Building Safe Lives for Victims of Domestic Violence
LEXINGTON, Ky. - In her eight years as Kentucky's First Lady, Jane Beshear has become known as a tireless supporter of ways to help victims of domestic violence. Tuesday at GreenHouse17, the shelter that provides emergency housing and services to victims in central Kentucky, Beshear announced a $4.5 million building project.
Construction of 24 units of supportive housing will help victims of intimate-partner violence move toward safe, productive lives, Beshear said.
"They come with nothing, so they have to start all over again and they go through the process here in the shelter," she said. "But then, you can't just send them back. You've got to be able to give them a way to change their lives to become independent."
A dozen cottage-style duplexes will be built on the grounds of the GreenHouse17 shelter. The other 12 apartments, at two Lexington locations, will be rehabbed.
Darlene Thomas, the shelter's executive director, said the project relies on low-income housing tax credits and low-interest loans, along with government and private investor support. For victims who have been living in a shelter, she said, the two biggest obstacles they face are finances and housing.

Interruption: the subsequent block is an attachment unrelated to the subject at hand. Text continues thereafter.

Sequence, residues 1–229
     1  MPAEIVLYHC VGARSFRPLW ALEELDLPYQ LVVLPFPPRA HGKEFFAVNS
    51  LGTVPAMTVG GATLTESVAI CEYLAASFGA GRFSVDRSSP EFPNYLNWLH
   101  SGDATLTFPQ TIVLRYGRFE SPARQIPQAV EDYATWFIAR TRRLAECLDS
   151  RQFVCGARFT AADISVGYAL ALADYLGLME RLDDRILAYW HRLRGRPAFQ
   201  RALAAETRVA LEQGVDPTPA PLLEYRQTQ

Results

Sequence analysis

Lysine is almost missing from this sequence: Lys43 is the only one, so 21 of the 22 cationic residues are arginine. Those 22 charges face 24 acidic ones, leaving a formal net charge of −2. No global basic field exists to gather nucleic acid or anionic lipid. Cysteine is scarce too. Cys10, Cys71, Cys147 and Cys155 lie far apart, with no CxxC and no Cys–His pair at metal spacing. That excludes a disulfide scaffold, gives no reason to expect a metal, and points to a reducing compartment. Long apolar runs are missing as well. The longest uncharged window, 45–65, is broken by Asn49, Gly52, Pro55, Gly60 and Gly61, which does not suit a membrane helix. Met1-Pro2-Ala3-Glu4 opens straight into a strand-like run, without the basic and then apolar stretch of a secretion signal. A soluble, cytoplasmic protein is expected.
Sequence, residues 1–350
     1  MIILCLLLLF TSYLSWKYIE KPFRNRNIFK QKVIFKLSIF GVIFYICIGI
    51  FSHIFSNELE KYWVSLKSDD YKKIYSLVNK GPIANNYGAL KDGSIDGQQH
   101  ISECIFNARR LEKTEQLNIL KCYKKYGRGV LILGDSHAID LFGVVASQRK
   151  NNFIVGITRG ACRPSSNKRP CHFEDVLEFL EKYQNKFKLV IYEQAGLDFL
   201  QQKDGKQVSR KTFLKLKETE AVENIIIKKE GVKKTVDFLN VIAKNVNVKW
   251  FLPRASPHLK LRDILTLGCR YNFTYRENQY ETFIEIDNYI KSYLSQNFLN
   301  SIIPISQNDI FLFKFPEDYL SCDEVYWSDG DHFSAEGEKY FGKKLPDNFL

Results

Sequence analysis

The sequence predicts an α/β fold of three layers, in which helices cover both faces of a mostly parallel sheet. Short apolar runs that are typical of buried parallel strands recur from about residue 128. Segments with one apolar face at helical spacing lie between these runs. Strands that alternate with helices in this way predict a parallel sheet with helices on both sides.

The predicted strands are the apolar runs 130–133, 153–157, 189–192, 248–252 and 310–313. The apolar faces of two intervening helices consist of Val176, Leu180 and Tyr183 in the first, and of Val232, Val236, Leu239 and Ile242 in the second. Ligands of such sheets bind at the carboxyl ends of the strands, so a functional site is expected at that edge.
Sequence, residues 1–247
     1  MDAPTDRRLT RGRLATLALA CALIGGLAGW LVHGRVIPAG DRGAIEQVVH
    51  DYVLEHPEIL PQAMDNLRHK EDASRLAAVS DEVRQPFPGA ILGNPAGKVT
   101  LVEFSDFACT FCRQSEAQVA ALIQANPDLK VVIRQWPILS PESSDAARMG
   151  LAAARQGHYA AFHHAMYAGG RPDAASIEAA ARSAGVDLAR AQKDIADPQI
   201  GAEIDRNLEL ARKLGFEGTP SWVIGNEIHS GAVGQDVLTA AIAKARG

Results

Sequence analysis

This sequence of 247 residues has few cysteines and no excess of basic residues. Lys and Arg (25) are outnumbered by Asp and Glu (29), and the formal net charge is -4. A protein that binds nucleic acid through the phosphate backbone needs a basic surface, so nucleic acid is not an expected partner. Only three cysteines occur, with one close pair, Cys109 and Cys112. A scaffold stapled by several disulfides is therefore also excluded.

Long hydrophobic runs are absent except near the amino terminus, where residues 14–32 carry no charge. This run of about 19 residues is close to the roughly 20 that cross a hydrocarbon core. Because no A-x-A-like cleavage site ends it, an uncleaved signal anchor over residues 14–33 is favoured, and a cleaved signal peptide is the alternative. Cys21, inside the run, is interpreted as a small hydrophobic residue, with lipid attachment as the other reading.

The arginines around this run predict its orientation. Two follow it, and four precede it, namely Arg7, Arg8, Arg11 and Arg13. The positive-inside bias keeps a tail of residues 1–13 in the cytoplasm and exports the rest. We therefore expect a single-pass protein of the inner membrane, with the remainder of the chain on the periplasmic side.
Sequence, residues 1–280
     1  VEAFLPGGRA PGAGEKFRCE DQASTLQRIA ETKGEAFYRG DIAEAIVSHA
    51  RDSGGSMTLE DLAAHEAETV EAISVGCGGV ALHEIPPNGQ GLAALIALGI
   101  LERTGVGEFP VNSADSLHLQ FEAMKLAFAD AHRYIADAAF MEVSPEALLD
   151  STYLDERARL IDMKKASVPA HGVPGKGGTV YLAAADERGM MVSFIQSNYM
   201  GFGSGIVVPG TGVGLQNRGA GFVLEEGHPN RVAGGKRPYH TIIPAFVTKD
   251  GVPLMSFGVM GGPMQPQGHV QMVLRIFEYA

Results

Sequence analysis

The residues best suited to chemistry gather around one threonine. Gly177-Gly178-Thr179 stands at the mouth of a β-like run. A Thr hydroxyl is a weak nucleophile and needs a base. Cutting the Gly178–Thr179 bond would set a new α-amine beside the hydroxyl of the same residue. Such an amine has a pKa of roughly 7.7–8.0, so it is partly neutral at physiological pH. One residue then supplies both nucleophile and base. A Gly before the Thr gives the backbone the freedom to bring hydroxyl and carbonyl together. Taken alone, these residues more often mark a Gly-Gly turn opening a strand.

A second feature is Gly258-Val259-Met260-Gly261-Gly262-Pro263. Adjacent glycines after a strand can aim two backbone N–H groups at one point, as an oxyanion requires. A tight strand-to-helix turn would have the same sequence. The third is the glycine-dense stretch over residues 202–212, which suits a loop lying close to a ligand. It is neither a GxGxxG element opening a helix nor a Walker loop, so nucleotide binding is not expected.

"So when you've come out of crisis and you're learning to stabilize all that support that's wrapped around you," she said, "this is the natural next step."
Thomas says the beauty of the new transitional housing is it will still provide support, but with a lot of independence.
"Eventually, within two years, because that's how long people can stay in our units, for up to two years, they'll be able, ideally, to be able to move from that supportive housing into their own independent housing and, you know, go on with their lives."
GreenHouse17 is one of 15 shelters across the state. Combined, they will help about 25,000 survivors of domestic violence this year.